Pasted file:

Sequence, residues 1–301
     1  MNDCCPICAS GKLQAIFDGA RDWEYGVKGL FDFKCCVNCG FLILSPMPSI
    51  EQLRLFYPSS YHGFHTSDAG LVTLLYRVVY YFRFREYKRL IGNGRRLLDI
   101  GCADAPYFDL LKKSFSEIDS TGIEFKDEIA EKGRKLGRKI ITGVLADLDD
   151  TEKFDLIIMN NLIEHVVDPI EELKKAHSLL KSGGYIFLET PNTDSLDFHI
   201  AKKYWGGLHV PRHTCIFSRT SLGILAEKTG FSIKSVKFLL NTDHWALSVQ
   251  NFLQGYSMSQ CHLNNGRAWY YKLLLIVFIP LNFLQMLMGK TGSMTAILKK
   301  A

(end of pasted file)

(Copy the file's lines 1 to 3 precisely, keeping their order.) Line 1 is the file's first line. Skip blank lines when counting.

Sequence, residues 1–301
     1  MNDCCPICAS GKLQAIFDGA RDWEYGVKGL FDFKCCVNCG FLILSPMPSI
    51  EQLRLFYPSS YHGFHTSDAG LVTLLYRVVY YFRFREYKRL IGNGRRLLDI